HP makes its mobile move; Saves Palm from collapse; Will developers stick?

HP makes its mobile move; Saves Palm from collapse; Will developers stick?

Summary: Hewlett-Packard has stepped in as a surprise buyer for Palm. HP will buy Palm and its webOS operating system for $1.2 billion, or $5.70 a share. The deal saves Palm, which said its business was unraveling quickly.


Updated: Hewlett-Packard has stepped in as a surprise buyer for Palm. HP will buy Palm and its webOS operating system for $1.2 billion, or $5.70 a share.

With the deal HP becomes a smartphone player because it will acquire an operating system, intellectual property and handset designs. It's likely that HP CEO Mark Hurd will give Palm some manufacturing discipline and scale.

The deal has been approved by both boards of directors (statement).

Palm put itself up for sale after struggled to move inventory at Verizon Wireless. The company had innovative software, but failed to keep up with new smartphone designs. At the $1.2 billion price, Palm's primary investors---Elevation Partners---get out of the company roughly in tact. Meanwhile, Palm's business was just getting worse. The company projected fourth quarter revenue between $90 million and $100 million. Palm said in an SEC filing:

Revenues for the fourth fiscal quarter are being impacted by slow sales of the company’s products, which has resulted in low order volumes from carriers.

Wall Street estimates, which have come down dramatically, were projecting Palm revenue of $164 million for the fourth quarter. Simply put, HP just saved Palm from near certain doom.

You could argue that HP overpaid given the rate Palm's sales were tanking, but the deal revolves around the future of the WebOS and what HP can do with it--think Slate. According to Stifel Nicolaus, the WebOS was worth $800 million to $1 billion for a highly motivated buyer. For HP, the Palm deal means that Hurd has another part of the company's IT stack to fill out. HP has basically been a no-show in the smartphone market---aside from the iPaq (right)---but with Lenovo rumored to be a bidder for Palm and Dell aggressively moving into smartphones, the company had to make a move.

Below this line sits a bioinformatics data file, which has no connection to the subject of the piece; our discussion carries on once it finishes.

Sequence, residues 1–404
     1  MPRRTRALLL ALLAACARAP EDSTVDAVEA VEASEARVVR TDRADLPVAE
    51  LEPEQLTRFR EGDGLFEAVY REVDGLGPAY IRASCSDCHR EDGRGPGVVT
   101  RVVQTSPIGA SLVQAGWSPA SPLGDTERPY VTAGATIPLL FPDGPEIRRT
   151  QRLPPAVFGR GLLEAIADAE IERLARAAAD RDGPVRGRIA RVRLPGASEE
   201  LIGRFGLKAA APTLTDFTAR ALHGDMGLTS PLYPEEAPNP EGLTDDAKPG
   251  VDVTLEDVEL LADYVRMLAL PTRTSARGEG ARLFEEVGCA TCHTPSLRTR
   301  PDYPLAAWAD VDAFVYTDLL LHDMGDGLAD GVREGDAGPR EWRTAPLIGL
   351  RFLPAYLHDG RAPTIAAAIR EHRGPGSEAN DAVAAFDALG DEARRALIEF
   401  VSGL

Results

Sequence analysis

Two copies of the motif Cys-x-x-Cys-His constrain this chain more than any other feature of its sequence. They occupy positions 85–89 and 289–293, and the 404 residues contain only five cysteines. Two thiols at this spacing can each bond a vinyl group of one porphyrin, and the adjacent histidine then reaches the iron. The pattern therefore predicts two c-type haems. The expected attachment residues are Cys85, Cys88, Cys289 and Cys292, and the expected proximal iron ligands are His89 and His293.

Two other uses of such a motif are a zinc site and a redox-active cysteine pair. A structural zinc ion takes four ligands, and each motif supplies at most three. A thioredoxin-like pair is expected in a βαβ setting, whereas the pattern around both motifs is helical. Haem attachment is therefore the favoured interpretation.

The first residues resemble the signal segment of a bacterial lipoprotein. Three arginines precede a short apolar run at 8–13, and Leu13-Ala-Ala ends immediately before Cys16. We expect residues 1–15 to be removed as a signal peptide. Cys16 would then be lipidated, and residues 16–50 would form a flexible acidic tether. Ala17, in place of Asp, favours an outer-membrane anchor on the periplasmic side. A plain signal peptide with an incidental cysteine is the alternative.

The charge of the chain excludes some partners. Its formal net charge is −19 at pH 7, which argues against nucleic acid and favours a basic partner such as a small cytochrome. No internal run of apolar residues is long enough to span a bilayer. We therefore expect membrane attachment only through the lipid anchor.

In a conference call to discuss the deal this afternoon, Executive VP Todd Bradley repeatedly referenced "connected" devices and the strengths on both side. HP isn't sharing any product rollout plans until they get closer to the closing of the deal, which is expected in the third quarter, pending regulatory approval.

However, he suggested that one of the first moves would be to use HP's retail and commercial channels to broaden the reach for distribution of Palm's consumer smartphones. As for expansion into tablet or slate products, Bradley said those are new markets that have potential for adoption by both consumers and commercial verticals, such as health care and education.

Asked why HP didn't just jump on to the Android bandwagon, Bradley said that the product lines - whether smartphones, tablets or netbooks - were still in the early stage market and that HP will be able to attract and build a developer market that will make WebOS more compelling and more competitive.

It also came as no surprise that HP - as a Silicon Valley pioneer built on the spirit of innovation - might want to maintain control over the path of a mobile OS for better integration with other products. Bradley mentioned that the both companies are Silicon Valley-based companies with "a passion for innovation."

And while no one asked the question directly, Bradley also noted that Microsoft will remain a strategic partner of HP, and said it is a "huge piece of our business today and will continue to be so."

Also: HP Slate with webOS: The potential iPad rival from HP's acquisition of Palm

In a statement, HP outlined its strategy as the following:

  • Take Palm's WebOS;
  • Use HP's scale and financial heft to bulk Palm up;
  • Leverage HP's channel and enterprise connections to make Palm a player;
  • And create a mobile ecosystem.

Add it up and the HP purchase of Palm may be enough to keep developers---a primary factor in smartphone success---in the fold.

Palm CEO Jon Rubinstein is expected to remain at the company.

There are multiple threads to ponder in this deal. Among them:

  • With Palm, HP can become a viable threat to Research in Motion and Apple. On the Apple front, Palm has a nice operating system that was built to compete with the iPhone. However, the ecosystem for Palm just wasn't there. HP could change that equation somewhat, but it's unclear whether it'll pan out from a consumer perspective. More likely, HP will make Palm an enterprise play and look to threaten RIM with mobility. HP can make Palm devices a part of the IT stack Hurd is pushing.
  • Can HP keep developers in the fold? If you're a developer looking at this deal you can breathe a little easier because Palm won't disappear tomorrow. That fact, however, doesn't change Palm's market share and growth prospects. HP will have to turbo charge growth for developers to remain interested and double down on the WebOS.